When I set up as an IFA in 1998 I decided to log time and charge for hours worked (either by invoice or by allocating to the investment management fee). The business model was all about earning less now, building up an income stream from loyal clients.
As part of this structure, I charged a retainer fee of £50 per quarter (it has increased today to £75). The IFA I was working through at that time laughed in my face at this concept. He also mocked me for thinking that any client would ever pay a fee by cheque.
Today that retainer fee brings in enough income to pay for two members of staff. And as for paying for fees by cheque…
We are currently looking to recruit a senior adviser. I don’t like using recruiters, because of the commission based model – well, that and the eye watering rates they charge (a previous Adviser Lounge blog refers). I’d much rather candidates approached us directly, thereby demonstrating the very qualities we are looking for. But maybe if recruiters charged a retainer fee I’d be more inclined to see their worth.
Working for clients in this way does require a certain mindset from advisers. We’re not interested in products or transactions. We focus on long term objectives and reviewing progress towards them. We often struggle to find candidates who really ‘get’ the advantages of working in this way,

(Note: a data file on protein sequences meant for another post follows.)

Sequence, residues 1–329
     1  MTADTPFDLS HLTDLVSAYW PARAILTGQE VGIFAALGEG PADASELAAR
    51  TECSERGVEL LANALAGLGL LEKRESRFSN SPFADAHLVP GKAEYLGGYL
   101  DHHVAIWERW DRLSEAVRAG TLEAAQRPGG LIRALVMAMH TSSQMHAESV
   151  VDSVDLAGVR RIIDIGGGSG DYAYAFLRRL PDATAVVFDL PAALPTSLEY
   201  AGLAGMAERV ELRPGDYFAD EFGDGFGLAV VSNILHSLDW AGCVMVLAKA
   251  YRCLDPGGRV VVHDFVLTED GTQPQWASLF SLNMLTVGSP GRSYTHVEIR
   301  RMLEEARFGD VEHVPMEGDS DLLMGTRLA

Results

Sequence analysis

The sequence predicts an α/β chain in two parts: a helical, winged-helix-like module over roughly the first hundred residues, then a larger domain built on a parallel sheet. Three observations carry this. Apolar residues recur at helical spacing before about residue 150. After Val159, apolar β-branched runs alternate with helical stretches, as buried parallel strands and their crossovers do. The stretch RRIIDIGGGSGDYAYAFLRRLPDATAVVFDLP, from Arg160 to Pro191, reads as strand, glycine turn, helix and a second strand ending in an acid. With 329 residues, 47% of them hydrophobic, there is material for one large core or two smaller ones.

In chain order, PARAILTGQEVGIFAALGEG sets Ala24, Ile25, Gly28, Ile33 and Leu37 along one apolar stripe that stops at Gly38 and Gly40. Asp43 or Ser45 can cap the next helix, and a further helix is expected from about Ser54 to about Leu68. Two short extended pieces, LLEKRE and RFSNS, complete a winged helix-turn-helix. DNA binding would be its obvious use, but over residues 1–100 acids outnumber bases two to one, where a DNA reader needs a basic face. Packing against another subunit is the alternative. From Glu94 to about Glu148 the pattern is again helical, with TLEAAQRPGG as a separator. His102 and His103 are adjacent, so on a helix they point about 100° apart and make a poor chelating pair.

So what are the benefits of a retainer charging model? Well, for the client:
- It’s a pretty small amount to know that we are on hand (we have work codes specific to the retainer fee, such as telephone time and travel)
- They feel part of the Ovation ‘family’ (to borrow a phrase used by a client at one of our recent events)
- They benefit from lower fees each time they require advice/work
- The firm can build a proposition around loyal clients
- The focus of the advice tends to be much longer term. Goal setting, cashflow modelling, and so on
And it’s great for the firm too:
- If a client requires advice, they will always come to us
- Regularity of income (93% of the turnover of Ovation comes from existing clients). This means we can plan for the future
- No ‘boom and bust’ income levels
- Very strong client relationships – we see every client every year and often become good friends
- The business has a real value
I’ve often made this point to solicitors. Certain parts of the legal profession (commercial, corporate) receive transactional fees from the regular clients. Each time one of these clients requires more work, the legal firm has to win the business again.
I’ve even tried to persuade the chap who helps me with property maintenance (I am NOT a practical man!). Charge me £10 per month and then take it off the bill when you do some work. You know I’ll always come to you for help, I know you’ll be there when I need you. He’s not taken me up on this yet.
I know there are different types of retainer model (advance payment of fees, for example). Ours is a small amount which doesn’t pay for much specifically. What other models have people tried with success?